November 10, 2019
Thirty-Second Sunday in Ordinary Time, Year C
“That the dead will rise even Moses made known in the passage about the bush, when he called ‘Lord,’ the God of Abraham, the God of Isaac, and the God of Jacob; and he is not God of the dead, but of the living, for to him all are alive.” Luke 20:37-38
As we draw close to the end of this Church year, our readings begin to focus more clearly upon the final things to come. The following is an excerpt from My Catholic Faith!, Chapter 5, regarding the resurrection of the dead:
The third and final coming is when Jesus returns to Earth in splendor and glory. It will be “the end of the world as we know it.” It will be a time when His permanent Kingdom is established. There is much to say about this moment in history and it is actually quite fascinating to reflect upon.
Before you read on, open the Catechism of the Catholic Church and read paragraphs #671-677.
Wow! That’s good stuff! It almost reads as a deeply intriguing futuristic science fiction mystery novel. The only difference is that it’s all true, it’s all glorious, and it’s all beyond any mystery we will ever be able to comprehend until it actually takes place. And it will take place at one definitive moment in time to come!
So what does this all mean? It means that Jesus will be returning in all His splendor and glory. He will physically return to Earth one day radiant and glorious. We will see Him, and the world as we currently know it will come to an end. At that moment in time God will establish His permanent Kingdom and both Heaven and Earth will be united as one. It will be “a new Heaven and a new Earth” (Revelation 21:1). The former Heaven and Earth will pass away and the new order will be established.
But that’s not all! At that moment in time all the dead shall rise. That’s right, all people who have ever died will rise. This means that everybody who has been “laid to rest” in a cemetery or elsewhere will be brought back to life, given a new glorified body, and that body will be rejoined to his or her soul.
The Catechism also states:
When he comes at the end of time to judge the living and the dead, the glorious Christ will reveal the secret disposition of hearts and will render to each man according to his works and according to his acceptance or refusal of grace. (#682)
This is a fascinating thought, and a bit scary, too! It means that all that is hidden will come to light. This can be good or bad depending upon what is hidden. The thought should both fill us with a bit of holy fear, and it should also fill us with a holy joy. The holy fear is actually a gift from God to help us eliminate any secret and hidden sin we have now or have struggled with in the past. Since it will in fact all come to light one day, we might as well deal with it now so that our sin is no more. If we do, even our sin is turned into virtue and grace. And then, at the end of time, that grace and virtue is what will be made manifest. This manifestation of our virtue will be the cause of holy joy not only for us but also for others to whom it is manifested.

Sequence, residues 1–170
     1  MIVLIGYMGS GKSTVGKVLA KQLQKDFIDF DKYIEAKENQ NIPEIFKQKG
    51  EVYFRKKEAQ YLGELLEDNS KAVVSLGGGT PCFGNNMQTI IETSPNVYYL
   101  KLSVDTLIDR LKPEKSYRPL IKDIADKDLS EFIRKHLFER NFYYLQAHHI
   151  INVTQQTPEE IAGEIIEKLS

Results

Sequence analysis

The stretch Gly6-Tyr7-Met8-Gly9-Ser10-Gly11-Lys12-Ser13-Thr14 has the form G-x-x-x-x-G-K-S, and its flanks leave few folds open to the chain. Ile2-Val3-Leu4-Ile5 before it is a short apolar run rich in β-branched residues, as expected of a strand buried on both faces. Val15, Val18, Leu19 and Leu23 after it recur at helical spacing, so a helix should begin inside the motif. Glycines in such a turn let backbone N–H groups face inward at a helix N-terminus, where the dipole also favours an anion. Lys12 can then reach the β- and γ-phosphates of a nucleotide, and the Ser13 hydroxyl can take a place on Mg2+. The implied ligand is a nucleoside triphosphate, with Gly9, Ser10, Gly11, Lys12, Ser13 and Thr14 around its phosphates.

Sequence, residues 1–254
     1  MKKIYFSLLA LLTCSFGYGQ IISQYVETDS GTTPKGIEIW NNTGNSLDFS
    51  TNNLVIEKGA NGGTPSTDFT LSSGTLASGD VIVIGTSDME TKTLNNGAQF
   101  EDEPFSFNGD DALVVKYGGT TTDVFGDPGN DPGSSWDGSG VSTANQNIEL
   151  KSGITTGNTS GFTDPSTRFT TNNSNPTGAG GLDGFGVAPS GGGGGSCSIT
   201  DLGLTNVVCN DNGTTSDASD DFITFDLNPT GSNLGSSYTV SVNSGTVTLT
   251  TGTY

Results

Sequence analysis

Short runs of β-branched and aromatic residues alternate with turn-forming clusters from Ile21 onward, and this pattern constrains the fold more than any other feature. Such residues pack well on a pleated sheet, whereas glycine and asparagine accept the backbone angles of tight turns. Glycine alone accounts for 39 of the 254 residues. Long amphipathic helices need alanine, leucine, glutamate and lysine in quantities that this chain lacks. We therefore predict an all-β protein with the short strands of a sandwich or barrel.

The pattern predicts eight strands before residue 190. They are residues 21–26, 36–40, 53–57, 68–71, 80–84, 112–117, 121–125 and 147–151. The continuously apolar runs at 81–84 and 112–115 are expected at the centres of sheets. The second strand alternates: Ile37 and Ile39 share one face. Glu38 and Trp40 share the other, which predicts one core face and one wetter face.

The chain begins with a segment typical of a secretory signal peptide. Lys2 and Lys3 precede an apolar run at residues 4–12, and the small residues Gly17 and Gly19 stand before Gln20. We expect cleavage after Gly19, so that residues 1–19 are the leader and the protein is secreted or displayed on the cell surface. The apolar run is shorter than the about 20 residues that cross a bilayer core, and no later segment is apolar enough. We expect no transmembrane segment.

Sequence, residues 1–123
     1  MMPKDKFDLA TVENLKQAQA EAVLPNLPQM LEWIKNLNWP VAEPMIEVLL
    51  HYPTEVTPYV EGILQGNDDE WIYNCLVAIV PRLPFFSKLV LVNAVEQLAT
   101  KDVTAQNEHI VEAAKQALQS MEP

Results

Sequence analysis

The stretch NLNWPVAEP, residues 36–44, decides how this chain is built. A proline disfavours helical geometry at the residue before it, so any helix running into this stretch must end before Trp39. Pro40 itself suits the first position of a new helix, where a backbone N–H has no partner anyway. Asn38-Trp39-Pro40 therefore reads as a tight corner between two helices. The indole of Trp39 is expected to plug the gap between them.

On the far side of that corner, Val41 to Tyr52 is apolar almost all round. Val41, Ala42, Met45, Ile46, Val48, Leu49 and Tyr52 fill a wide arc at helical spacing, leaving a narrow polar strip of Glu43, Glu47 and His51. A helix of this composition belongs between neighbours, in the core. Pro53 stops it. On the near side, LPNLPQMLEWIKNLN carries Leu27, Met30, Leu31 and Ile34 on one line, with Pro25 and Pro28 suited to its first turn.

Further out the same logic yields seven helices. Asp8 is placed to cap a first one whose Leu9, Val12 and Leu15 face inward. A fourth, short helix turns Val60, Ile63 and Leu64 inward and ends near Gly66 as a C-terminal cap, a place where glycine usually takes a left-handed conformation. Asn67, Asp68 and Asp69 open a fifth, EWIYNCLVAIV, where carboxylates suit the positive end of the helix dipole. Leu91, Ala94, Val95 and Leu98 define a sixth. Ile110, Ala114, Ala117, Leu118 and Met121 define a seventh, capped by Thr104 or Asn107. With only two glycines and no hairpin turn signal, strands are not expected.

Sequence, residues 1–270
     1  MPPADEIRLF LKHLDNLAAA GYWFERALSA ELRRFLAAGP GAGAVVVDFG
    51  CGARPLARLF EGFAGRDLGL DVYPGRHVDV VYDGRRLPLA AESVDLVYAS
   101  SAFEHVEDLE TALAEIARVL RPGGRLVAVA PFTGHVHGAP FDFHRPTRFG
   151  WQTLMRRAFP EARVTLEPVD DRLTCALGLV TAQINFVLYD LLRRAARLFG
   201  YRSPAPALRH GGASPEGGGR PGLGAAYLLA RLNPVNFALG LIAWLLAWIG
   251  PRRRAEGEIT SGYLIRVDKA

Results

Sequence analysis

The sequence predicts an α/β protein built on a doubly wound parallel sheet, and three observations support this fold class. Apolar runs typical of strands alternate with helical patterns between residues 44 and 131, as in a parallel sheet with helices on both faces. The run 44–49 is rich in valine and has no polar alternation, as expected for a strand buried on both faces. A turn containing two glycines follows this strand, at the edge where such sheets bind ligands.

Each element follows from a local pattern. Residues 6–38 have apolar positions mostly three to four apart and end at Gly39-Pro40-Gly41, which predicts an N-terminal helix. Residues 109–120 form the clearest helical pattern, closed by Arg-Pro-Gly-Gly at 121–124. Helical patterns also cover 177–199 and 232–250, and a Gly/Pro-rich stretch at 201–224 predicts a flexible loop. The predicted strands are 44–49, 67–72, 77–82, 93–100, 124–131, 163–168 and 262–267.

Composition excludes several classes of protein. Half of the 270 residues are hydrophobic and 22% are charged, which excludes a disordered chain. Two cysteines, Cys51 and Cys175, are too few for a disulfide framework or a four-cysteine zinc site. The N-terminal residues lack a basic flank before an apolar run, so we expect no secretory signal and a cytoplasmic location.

We will be judged, then, based on what is there within our conscience. It will no longer just be exterior. We will not be able to put on a good face and pretend we are someone we are not. The full truth will come out and will be made manifest for all to see in accord with God’s plan.
Another thing to note is that at the Final Judgment even those who are in Hell will rise. Why? Because as humans we are meant to eternally be united with our bodies. We are, in essence, body and soul. So even the dead will receive their bodies back. But sadly, they will then suffer eternally not only spiritually but also physically. What this actually entails we do not know. But it will be a real pain of loss. Loss of God and loss in that the body and soul will not be able to share in life with God. This can seem harsh and unfair but we should remind ourselves that God is perfectly just and perfectly loving and however this eternal loss and eternal suffering is lived, it is right and just.
What will this new life look like for those who share in the Resurrection to new life? It will be life with God, physically and spiritually, as well as life with each other. The Book of Revelation speaks symbolically of this new life as a city where God is on the throne in the center of the city. Light shines forth from Him so there is no need for the sun or moon. The streets are gold. The gates filled with precious stones. And so much more. This symbolic language should not be taken literally, rather, it should be seen as imagery that helps us understand the beauty, splendor, and magnificence of the life that awaits us. It’s the new Heavens and new Earth. I can’t wait!
Lord, may I always be ready to greet You when You come. I thank You for Your perfect promise of raising all from the dead and bringing forth new life. Use me to gather many into this future and glorious Kingdom, dear Lord. Jesus, I trust in You.
Saint of the Day – Saint Leo the Great, Pope and Doctor
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